You can enable the rmIdFromConnectionId option by setting jms.rmIdFromConnectionId to true on an Apache ActiveMQ endpoint URI. For example, to enable this option on an OpenWire URI:
tcp://brokerhost:61616?jms.rmIdFromConnectionId=true

Setting rmIdFromConnectionId option directly on ActiveMQXAConnectionFactory

You can enable the rmIdFromConnectionId option directly on the ActiveMQXAConnectionFactory class, by invoking the setRmIdFromConnectionId method. For example, you can set the rmIdFromConnectionId option in Java, as follows:
// Java
ActiveMQXAConnectionFactory cf = new ActiveMQXAConnectionFactory( ... );
cf.setRmIdFromConnectionId(true);
And you can set the rmIdFromConnectionId option in XML, as follows:
<!--
    ActiveMQ XA Resource Manager
-->
<bean id="resourceManager"
      class="org.apache.activemq.pool.ActiveMQResourceManager"
      init-method="recoverResource">
    <property name="transactionManager" ref="recoverableTxManager">
    <property name="connectionFactory" ref="jmsXaConnectionFactory">
    <property name="resourceName" value="activemq.default">
    <property name="rmIdFromConnectionId" value="true">
</bean>

Example using rmIdFromConnectionId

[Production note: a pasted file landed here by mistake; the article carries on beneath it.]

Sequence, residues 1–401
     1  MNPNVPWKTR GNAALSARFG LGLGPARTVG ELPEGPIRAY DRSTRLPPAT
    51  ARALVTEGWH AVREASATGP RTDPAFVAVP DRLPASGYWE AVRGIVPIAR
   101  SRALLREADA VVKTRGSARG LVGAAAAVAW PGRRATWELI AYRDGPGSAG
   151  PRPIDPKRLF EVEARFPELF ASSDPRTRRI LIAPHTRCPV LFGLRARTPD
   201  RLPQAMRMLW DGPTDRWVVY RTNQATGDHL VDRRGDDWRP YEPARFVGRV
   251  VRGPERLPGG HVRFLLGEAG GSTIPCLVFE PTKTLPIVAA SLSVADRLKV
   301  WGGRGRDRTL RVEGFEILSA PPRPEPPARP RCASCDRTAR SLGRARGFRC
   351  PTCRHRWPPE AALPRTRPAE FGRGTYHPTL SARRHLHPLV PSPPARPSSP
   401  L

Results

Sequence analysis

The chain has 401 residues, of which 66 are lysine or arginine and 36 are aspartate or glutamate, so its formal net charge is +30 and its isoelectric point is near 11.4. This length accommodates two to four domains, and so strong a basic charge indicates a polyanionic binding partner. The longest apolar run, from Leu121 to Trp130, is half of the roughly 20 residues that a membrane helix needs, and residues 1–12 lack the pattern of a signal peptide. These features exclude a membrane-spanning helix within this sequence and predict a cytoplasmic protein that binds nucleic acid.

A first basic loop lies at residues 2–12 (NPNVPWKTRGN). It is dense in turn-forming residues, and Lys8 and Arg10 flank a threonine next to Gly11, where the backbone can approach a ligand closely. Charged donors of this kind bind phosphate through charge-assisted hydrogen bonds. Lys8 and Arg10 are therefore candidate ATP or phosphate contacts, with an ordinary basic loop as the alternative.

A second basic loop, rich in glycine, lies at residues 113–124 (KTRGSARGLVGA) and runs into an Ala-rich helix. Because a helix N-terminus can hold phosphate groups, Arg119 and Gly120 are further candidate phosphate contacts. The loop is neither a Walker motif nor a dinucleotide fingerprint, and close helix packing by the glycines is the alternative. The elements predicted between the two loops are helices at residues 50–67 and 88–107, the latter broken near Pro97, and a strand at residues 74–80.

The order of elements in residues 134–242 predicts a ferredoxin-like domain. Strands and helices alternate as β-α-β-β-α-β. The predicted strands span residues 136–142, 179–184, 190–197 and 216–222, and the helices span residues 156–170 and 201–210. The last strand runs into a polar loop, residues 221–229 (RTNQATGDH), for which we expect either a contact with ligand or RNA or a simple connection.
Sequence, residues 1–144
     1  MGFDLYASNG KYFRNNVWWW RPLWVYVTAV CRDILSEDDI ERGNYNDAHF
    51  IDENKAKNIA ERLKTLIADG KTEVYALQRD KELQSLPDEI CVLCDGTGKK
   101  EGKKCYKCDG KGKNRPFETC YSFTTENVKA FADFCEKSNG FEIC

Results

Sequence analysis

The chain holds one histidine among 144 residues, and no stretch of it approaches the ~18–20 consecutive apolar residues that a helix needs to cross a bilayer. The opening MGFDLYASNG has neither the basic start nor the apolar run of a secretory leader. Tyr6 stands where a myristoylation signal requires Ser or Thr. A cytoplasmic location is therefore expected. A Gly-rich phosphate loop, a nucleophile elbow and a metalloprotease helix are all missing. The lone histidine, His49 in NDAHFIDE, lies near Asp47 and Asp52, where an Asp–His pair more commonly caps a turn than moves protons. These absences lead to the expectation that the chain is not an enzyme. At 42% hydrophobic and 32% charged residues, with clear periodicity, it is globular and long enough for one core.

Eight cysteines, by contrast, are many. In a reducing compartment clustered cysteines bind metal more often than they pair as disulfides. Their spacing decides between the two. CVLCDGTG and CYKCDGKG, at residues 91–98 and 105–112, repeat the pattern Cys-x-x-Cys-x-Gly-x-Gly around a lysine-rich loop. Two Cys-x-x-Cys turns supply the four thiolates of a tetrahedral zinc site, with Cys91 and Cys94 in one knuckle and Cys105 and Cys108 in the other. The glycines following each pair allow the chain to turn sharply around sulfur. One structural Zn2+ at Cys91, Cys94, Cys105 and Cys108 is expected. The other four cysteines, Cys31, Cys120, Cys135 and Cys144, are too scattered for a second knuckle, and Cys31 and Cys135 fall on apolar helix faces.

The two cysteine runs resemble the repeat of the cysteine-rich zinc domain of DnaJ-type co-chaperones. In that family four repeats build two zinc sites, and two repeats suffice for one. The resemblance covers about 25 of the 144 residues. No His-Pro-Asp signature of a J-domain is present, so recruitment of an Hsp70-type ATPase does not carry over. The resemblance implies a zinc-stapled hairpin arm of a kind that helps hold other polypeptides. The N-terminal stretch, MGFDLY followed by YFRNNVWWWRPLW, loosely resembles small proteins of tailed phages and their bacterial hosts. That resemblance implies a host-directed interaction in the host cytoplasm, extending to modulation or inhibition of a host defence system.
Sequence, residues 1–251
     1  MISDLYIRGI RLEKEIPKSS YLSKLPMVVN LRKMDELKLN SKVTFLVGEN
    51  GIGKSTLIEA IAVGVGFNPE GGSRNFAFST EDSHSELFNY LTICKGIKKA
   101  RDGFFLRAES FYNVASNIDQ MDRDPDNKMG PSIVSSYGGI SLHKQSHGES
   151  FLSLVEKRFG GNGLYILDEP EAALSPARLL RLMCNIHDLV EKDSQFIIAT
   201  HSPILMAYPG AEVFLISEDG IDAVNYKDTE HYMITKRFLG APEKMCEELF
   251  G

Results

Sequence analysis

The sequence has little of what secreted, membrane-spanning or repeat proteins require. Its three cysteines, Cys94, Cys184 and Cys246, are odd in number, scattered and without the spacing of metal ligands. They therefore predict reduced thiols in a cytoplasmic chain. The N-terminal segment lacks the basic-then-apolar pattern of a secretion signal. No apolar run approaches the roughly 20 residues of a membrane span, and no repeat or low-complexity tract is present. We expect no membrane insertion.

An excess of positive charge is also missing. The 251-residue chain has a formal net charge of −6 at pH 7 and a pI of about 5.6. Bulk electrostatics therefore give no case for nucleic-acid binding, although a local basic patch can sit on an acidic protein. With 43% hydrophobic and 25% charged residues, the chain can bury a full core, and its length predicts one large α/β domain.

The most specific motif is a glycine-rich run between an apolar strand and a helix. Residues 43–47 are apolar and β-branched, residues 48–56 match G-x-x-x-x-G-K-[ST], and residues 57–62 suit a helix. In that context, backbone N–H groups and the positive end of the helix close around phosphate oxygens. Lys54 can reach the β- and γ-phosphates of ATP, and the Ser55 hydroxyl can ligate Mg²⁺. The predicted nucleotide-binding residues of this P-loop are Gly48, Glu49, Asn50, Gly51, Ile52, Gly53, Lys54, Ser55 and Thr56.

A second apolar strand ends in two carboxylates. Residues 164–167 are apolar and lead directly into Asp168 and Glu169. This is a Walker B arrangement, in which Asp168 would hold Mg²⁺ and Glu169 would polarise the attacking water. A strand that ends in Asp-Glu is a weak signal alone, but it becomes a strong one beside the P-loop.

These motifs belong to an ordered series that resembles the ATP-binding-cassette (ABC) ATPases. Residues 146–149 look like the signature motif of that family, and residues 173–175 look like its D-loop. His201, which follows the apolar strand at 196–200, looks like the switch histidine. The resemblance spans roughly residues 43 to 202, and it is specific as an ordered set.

The following example shows you how to use the rmIdFromConnectionId option in the context of an XA aware JMS client written in Java:
// Java
import org.apache.activemq.ActiveMQXAConnectionFactory

import javax.jms.XAConnection;
import javax.jms.XASession;
import javax.jms.XATopicConnection;
import javax.transaction.xa.XAException;
import javax.transaction.xa.XAResource;
import javax.transaction.xa.Xid;
...
ActiveMQXAConnectionFactory cf = new ActiveMQXAConnectionFactory("tcp://brokerhost:61616?jms.rmIdFromConnectionId=true");
... // Configure other connection factory options (not shown)

XAConnection connection1 = (XAConnection)cf.createConnection();
XASession session1 = connection1.createXASession();
XAResource resource1 = session1.getXAResource();

XAConnection connection2 = (XAConnection)cf.createConnection();
XASession session2 = connection2.createXASession();
XAResource resource2 = session2.getXAResource();
...
// Send messages using 'connection1' AND connection2' in this thread